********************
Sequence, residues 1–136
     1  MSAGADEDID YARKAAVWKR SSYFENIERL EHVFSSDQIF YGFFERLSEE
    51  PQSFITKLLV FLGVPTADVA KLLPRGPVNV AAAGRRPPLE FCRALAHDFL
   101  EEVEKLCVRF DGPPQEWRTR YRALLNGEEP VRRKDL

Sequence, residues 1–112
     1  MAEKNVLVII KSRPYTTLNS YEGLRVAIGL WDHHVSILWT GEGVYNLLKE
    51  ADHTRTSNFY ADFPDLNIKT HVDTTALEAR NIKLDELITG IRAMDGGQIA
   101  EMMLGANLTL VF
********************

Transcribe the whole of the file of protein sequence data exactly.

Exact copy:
Sequence, residues 1–136
     1  MSAGADEDID YARKAAVWKR SSYFENIERL EHVFSSDQIF YGFFERLSEE
    51  PQSFITKLLV FLGVPTADVA KLLPRGPVNV AAAGRRPPLE FCRALAHDFL
   101  EEVEKLCVRF DGPPQEWRTR YRALLNGEEP VRRKDL

Sequence, residues 1–112
     1  MAEKNVLVII KSRPYTTLNS YEGLRVAIGL WDHHVSILWT GEGVYNLLKE
    51  ADHTRTSNFY ADFPDLNIKT HVDTTALEAR NIKLDELITG IRAMDGGQIA
   101  EMMLGANLTL VF